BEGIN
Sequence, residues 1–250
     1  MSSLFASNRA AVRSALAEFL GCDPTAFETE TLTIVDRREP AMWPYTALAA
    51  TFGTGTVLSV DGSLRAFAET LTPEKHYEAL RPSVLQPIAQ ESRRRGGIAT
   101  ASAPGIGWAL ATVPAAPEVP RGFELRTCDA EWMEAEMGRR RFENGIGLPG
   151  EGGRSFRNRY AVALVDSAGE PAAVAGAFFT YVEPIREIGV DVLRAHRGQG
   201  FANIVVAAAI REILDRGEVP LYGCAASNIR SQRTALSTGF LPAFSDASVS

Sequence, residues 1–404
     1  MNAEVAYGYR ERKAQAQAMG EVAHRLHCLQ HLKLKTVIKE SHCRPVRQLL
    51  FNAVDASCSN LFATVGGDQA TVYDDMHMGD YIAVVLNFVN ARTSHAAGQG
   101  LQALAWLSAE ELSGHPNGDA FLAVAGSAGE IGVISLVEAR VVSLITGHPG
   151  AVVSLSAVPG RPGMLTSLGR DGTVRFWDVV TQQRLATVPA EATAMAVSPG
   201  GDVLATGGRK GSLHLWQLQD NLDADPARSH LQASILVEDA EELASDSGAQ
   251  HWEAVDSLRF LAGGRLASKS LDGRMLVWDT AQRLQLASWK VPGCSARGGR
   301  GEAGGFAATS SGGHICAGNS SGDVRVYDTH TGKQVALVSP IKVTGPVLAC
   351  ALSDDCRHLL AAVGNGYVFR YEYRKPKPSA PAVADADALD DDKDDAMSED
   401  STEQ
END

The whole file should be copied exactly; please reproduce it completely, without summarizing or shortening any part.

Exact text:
Sequence, residues 1–250
     1  MSSLFASNRA AVRSALAEFL GCDPTAFETE TLTIVDRREP AMWPYTALAA
    51  TFGTGTVLSV DGSLRAFAET LTPEKHYEAL RPSVLQPIAQ ESRRRGGIAT
   101  ASAPGIGWAL ATVPAAPEVP RGFELRTCDA EWMEAEMGRR RFENGIGLPG
   151  EGGRSFRNRY AVALVDSAGE PAAVAGAFFT YVEPIREIGV DVLRAHRGQG
   201  FANIVVAAAI REILDRGEVP LYGCAASNIR SQRTALSTGF LPAFSDASVS

Sequence, residues 1–404
     1  MNAEVAYGYR ERKAQAQAMG EVAHRLHCLQ HLKLKTVIKE SHCRPVRQLL
    51  FNAVDASCSN LFATVGGDQA TVYDDMHMGD YIAVVLNFVN ARTSHAAGQG
   101  LQALAWLSAE ELSGHPNGDA FLAVAGSAGE IGVISLVEAR VVSLITGHPG
   151  AVVSLSAVPG RPGMLTSLGR DGTVRFWDVV TQQRLATVPA EATAMAVSPG
   201  GDVLATGGRK GSLHLWQLQD NLDADPARSH LQASILVEDA EELASDSGAQ
   251  HWEAVDSLRF LAGGRLASKS LDGRMLVWDT AQRLQLASWK VPGCSARGGR
   301  GEAGGFAATS SGGHICAGNS SGDVRVYDTH TGKQVALVSP IKVTGPVLAC
   351  ALSDDCRHLL AAVGNGYVFR YEYRKPKPSA PAVADADALD DDKDDAMSED
   401  STEQ